Uber drivers, improv groups and vice principals are all in the mix at the next South by Southwest film festival in Austin, Tex. On Tuesday, organizers announced the majority of their feature lineup, this year including 89 world premieres.
The lineup usually ranges from smaller work to Hollywood productions, and also includes movies from festival alumni. One of those is Ti West, who has made his name in the indie horror scene and brings his latest, the revenge western “In a Valley of Violence” with Ethan Hawke, to the festival. The comedian, writer and actor Mike Birbiglia also has a new film making its world premiere, “Don’t Think Twice,” about an improv group that loses the lease on the theater where it performs.
While Janet Pierson, the film festival’s producer, said she saw fewer trends in the narrative selections compared with previous lineups, the documentaries frequently shared one similarity.
“I noticed a vein of people who had created something themselves, often with community,” Ms. Pierson said in a phone interview. Examples include “Thank You Del: The Story of the Del Close Marathon” about the improv comedy mentor. And “The Hollywood Shorties,” about a group of dwarf actors who, wanting to be athletes, put together a basketball team. “Insatiable: The Homaro Cantu Story” looks at a chef and inventor who tried to change the way people eat.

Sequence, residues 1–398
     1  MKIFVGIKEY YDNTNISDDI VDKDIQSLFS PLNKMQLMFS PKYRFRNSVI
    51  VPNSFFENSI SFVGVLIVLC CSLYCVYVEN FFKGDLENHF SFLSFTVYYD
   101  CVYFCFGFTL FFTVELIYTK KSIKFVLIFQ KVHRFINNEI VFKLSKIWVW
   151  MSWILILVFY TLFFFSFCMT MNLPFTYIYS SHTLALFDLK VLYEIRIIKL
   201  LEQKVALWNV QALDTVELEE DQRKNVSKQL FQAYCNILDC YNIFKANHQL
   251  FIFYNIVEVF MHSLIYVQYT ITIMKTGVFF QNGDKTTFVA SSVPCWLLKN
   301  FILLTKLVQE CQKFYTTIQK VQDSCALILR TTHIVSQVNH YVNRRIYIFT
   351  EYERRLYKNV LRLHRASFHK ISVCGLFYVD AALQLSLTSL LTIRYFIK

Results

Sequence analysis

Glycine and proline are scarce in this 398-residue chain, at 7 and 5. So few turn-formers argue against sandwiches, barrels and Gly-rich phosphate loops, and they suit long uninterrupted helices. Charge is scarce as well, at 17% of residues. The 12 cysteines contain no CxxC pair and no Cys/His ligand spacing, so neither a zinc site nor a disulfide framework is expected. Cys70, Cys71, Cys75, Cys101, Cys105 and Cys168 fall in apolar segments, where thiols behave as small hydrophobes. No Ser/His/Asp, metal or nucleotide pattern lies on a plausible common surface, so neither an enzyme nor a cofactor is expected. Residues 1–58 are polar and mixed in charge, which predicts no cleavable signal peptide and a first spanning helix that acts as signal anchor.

The narrative spotlight section includes “9 Rides,” about an Uber driver who gets big news during a busy shift. And “From Nowhere” looks at three undocumented Bronx teenagers trying to finish school and remain in the United States.
The festival is continuing with its showcase of television premieres. “Girls,” “Silicon Valley” and “Mr. Robot” have all gotten their starts there. This year’s potential TV lineup includes “Vice Principals,” a show from Danny McBride and Jody Hill about competitive administrators at a high school, and “Outcast,” based on a comic book, about a man burdened by demon possession.
These titles join the announcement of the opening-night film, Richard Linklater’s “Everybody Wants Some,” along with other prominent entries like “Pee-wee’s Big Holiday” and the Jeff Nichols film “Midnight Special.” Midnighters, festival favorites and the shorts program will be announced Feb. 9. The festival runs March 11-19.